Tag: hostess

A Preview of A Laboring Hand

November is halfway over. My Reflections series has been introduced, and I’m thankful for those of you who have purchased, read and reviewed the book. But it is only the first in a series, and I’m going to give you a peek inside the second book in the series today.

Today’s excerpt comes from A Laboring Hand, Reflections Book Two, which releases to the public in January 2020.

If you’re familiar with Mary and Martha of Bethany, you’ll recognize this scene. It’s based on Luke 10:38-42. I’m intentionally starting in the middle of the scene so you can’t see what leads up to Martha’s frustration.

I hope you glimpse the overwhelmed, responsible big sister whose trying to make sure her guests are content and satisfied. Not only is she serious about being the “hostess with the mostest,” Martha wants her siblings to help.

How often have you been frustrated with the lack of help from your family during a hosted event? Or maybe I’m the only person who can imagine this actually happening.

Excerpted from A Laboring Hand, chapter four:

Soon enough, the laughter and banter of a crowd of dusty men filled the room. I welcomed them with a small bowl of water and a clean linen cloth. Well, it was clean for the first man or two who dried their hands.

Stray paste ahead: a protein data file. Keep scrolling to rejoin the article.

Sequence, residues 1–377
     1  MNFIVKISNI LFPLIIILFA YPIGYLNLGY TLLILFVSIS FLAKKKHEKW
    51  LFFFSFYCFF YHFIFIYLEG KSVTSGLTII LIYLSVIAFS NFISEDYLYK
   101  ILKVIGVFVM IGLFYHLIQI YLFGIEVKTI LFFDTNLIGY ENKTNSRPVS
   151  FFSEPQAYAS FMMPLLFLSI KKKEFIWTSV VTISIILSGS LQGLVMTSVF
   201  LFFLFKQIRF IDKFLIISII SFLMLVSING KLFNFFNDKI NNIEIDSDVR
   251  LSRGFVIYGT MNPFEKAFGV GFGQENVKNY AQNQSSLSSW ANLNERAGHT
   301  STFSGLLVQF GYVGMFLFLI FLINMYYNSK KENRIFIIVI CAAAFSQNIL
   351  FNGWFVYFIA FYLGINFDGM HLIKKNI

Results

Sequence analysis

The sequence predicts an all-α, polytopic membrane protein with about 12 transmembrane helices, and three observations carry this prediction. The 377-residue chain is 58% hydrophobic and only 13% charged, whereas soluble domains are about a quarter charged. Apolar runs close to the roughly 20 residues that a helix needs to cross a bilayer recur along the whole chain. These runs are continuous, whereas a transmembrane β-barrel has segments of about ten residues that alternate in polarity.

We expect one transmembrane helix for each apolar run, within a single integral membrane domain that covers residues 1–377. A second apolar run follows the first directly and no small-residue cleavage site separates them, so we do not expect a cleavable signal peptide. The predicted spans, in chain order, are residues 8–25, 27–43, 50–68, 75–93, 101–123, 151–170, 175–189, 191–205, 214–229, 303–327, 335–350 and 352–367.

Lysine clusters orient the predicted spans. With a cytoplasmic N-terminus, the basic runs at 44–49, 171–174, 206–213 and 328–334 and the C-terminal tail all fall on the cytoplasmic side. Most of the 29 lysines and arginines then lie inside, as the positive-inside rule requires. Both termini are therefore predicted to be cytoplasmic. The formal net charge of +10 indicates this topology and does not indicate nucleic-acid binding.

Yeshua reclined at the head of the table on the largest cushion which my parents had often shared. John bar Zebedee, one of the Boanerges, sat on it with the Master. He was only a couple years older than Mary and the youngest of all the Master’s followers.

The crowd of dirty disciples filled the room, folded onto other cushions. Some chose to lean against the wall on rugs Laz had pulled from his room and ours. The dirt floor could hardly be seen with so many men sprawled around the room.

Mary and I circulated with pitchers, filling every cup we owned and still two men shared each one of the battered pottery pieces. Once we finished, I began to distribute bowls of spiced beans and cloth-wrapped packages of bread, still warm from their place on the hearth. I turned to ask Mary to assist me, but she’d seated herself cross-legged at Yeshua’s feet, staring up as he started to teach.

I blinked hard. What on earth was she thinking? Was this her rebellion since I hadn’t let her get water for foot washing? She was certainly positioned in a way that she could wash his feet if she had the supplies.